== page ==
The Fall of the Berlin Wall
During the Cold War, Germany was split into two parts, the Bundesrepublik Deutschland (Federal Republic of Germany), also known as the BRD, and the Deutsche Demokratische Republik (German Democratic Republik),
also known as the DDR. The communist DDR in eastern Germany was ruled by the Soviet Union while the BRD was a democratic nation. In addition, Berlin was split into East Berlin and West Berlin, essentially creating a “geographic loophole” used by thousands of East Germans to flee to the democratic west.
In order to keep this from happening, the East German Authorities built a wall separating the French, British and American Sectors of West Berlin from the Soviet Union Sector in East Germany. Overnight on August 13th, 1961 the East German Authorities built a wall spanning 96 miles and completely encircling West Berlin.
While the Berlin wall was in place, people continued on with their lives but what that daily life looked like differed depending what side of the wall they were on. Whereas West Germans were allowed to travel to East Germany with a visa, Eastern Germans were forbidden from leaving their side of the wall.
In addition, basic human rights such as freedom of speech were guaranteed in the BDR whereas in the DDR officials went as far as secretly placing microphones in people’s apartments to listen to their private conversations and make sure they weren’t planning anything against the East German Authorities. On the other hand, women in Eastern Germany had a more equal place in the workforce than the women in Western Germany. While women in Eastern Germany had had the opportunity to work factory jobs and were guaranteed a childcare spot for their children, women in Western Germany didn’t have many work opportunities and therefore stayed home and took the care of the children while the men were at work.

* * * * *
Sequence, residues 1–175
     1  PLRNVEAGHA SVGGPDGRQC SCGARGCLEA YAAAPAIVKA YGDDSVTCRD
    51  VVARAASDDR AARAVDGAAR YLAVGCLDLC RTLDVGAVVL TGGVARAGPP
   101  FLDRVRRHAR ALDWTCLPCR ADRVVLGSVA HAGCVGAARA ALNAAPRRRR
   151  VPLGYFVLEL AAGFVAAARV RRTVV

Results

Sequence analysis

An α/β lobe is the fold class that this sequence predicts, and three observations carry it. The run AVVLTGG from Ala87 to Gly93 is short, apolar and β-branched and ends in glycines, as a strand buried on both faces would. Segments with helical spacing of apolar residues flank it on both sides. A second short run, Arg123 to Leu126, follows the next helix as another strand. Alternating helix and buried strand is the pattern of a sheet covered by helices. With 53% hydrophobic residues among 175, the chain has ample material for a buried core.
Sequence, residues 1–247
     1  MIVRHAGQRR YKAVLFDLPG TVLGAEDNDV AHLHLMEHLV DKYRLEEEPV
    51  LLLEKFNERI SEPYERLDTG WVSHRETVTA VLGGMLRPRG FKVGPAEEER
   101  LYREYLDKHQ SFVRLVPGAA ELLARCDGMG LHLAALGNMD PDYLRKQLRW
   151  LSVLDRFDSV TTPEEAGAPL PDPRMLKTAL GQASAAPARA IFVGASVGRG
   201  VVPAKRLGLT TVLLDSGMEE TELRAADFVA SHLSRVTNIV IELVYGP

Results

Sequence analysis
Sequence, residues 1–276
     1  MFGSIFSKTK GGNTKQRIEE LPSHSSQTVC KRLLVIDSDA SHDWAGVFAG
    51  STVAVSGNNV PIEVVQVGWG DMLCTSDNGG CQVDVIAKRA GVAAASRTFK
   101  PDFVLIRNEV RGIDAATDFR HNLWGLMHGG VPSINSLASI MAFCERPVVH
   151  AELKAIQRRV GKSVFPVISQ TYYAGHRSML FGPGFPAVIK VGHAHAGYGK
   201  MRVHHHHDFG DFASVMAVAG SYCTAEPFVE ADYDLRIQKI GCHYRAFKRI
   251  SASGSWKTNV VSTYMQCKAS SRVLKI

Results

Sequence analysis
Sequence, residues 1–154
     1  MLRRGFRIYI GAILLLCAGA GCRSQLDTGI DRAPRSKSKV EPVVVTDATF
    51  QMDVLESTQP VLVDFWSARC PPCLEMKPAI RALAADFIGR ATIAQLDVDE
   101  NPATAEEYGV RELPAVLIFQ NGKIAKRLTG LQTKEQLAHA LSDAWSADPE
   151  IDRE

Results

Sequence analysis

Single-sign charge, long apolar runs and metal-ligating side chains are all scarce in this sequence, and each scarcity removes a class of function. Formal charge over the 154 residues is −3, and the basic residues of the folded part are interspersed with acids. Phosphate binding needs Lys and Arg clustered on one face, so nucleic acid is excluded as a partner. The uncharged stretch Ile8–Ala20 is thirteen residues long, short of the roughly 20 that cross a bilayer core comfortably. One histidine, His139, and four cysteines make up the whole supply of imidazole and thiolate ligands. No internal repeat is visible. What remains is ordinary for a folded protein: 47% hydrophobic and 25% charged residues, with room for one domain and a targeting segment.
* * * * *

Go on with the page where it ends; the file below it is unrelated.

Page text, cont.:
Since the life in the DDR was challenging, people living in Eastern Germany were looking for ways to escape to Western Germany. There were a lot of ways people tried to sneak their way into Western Germany: through an underground tunnel, in a hot air balloon or in western friends’ cars. This went on for a while, but 28 years after the wall went up the Cold War was starting to fade away in Germany, taking with it the Berlin Wall.
On November 9th, 1989, 28 years ago today Günter Schakowsky, a spokesman for the East Berlin Communist Party, announced at an International Press Conference that the travel restrictions for East Germany would be lifted. When asked when he replied “As of now, immediately!” even though it was originally planned for the following day in order to have a better oversight on exit visas, stamps, and passports. As one can imagine, this caused for a lot of celebration in Berlin. People from both sides started climbing over the wall, chiseling the wall in attempts to break it down and standing on or near the wall singing and cheering as the concrete Iron Curtain that had divided Germany for the past 30 years was being demolished.
About a year later on October 3rd, 1990 the five former German states that made up East Germany rejoined the Federal Republic of Germany. In addition, East and West Berlin reunited and became Germany’s third city-state. That day is known in German history as German Reunification Day and is celebrated on October 3rd every year.
Written by Elena Osiander